Antinuclear Antibody, Rheumatoid Factor, and Cyclic-Citrullinated Peptide Testing for the Evaluation of Musculoskeletal Complaints in Pediatric Populations
Background: Rheumatoid Factor Test
Rheumatoid factors (RFs) specifically react with the Fc fragment of the immunoglobulin (Ig)G molecule. RFs are found in all Ig isotypes (i.e., IgA, IgG, IgD, IgM, and IgE), but 19S IgM-RF is the isotope most frequently used to test for rheumatoid arthritis. The presence of RFs is typically determined by agglutination assays, nephelometry, or EIA. The agglutination assay method mainly employs latex beads as a substrate to which human or rabbit IgG is bound. Nephelometry is a photometric test in which complexes formed between IgG and RF are detected by light scattering, which is dependent on the concentration of those immune complexes. Latex agglutination and nephelometry only measure 19S IgM-RF, whereas enzyme immunoassays have been designed to measure the various RF isotypes. RFs are prevalent among adults with rheumatoid arthritis but are uncommon among children with juvenile idiopathic arthritis (<10% of children with juvenile idiopathic arthritis have a positive RF test result).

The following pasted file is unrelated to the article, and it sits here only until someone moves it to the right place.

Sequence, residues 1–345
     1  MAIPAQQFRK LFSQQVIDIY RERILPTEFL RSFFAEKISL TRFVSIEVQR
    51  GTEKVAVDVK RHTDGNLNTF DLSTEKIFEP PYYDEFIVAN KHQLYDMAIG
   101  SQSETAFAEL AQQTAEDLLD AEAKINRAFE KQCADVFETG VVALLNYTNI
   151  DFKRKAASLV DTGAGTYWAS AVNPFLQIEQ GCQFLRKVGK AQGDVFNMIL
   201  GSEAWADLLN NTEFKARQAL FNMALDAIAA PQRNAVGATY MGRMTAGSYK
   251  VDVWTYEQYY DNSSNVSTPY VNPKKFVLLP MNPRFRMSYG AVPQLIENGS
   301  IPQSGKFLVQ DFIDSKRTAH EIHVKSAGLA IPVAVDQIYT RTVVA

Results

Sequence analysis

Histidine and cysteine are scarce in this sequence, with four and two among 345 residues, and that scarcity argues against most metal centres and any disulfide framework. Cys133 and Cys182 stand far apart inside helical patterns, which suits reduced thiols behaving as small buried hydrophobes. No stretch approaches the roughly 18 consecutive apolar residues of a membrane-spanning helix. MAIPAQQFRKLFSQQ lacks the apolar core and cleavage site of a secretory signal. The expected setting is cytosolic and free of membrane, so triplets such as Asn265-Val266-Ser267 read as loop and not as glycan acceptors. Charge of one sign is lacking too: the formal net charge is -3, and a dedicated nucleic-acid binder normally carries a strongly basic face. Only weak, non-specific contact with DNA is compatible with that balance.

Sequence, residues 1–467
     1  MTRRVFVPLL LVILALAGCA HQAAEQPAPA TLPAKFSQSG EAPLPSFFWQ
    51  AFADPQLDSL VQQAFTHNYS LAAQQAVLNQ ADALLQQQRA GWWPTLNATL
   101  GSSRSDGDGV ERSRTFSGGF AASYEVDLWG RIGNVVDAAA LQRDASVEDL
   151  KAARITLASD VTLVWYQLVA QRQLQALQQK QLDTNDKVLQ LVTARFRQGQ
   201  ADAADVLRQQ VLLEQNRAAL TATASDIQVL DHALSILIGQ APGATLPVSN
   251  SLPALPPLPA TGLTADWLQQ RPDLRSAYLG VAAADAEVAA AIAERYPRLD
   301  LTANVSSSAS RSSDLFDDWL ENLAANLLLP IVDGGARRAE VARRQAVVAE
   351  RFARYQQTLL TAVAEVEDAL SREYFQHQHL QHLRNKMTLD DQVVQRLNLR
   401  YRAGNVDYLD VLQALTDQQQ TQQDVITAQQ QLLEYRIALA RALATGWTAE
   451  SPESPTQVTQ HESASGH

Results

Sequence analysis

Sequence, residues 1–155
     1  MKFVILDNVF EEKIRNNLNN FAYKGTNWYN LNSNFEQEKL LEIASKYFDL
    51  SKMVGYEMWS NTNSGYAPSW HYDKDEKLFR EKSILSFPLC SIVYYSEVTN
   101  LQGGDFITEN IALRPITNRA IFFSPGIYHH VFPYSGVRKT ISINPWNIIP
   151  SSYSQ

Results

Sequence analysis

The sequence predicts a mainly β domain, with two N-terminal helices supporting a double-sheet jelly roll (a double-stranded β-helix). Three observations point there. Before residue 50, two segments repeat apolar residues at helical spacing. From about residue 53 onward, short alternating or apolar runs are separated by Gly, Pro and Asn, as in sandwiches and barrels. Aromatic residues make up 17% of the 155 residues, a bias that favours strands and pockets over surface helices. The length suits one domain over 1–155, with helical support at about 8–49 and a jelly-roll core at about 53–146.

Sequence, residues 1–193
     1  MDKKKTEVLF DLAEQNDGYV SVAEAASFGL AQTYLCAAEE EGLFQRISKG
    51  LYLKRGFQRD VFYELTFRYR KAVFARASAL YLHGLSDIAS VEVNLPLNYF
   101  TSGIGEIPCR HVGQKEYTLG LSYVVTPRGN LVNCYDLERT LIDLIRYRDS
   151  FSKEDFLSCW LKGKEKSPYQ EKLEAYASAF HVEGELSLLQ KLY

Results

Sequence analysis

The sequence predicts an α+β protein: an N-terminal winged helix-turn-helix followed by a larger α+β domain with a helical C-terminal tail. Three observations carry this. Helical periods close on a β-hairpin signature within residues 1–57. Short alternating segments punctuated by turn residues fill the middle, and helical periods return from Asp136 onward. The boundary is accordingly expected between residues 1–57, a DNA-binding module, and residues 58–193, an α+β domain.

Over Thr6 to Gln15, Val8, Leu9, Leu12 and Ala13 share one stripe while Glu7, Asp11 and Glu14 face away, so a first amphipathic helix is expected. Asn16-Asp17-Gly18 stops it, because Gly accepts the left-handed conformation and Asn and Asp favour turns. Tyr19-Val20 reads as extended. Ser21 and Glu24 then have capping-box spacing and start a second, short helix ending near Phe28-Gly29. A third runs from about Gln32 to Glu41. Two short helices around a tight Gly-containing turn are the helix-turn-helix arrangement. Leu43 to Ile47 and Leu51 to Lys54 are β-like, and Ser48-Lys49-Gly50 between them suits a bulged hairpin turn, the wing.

- Wong KO, Bond K, Homik J, et al. Antinuclear Antibody, Rheumatoid Factor, and Cyclic-Citrullinated Peptide Tests for Evaluating Musculoskeletal Complaints in Children. Comparative Effectiveness Review No. 50 (Prepared by the University of Alberta Evidence-based Practice Center under Contract No. HHSA 290-2007-10021-I). Rockville, MD: Agency for Healthcare Research and Quality; March 2012. AHRQ Publication No. 12-EHC015-EF. Available at www.effectivehealthcare.ahrq.gov/anatest.cfm.
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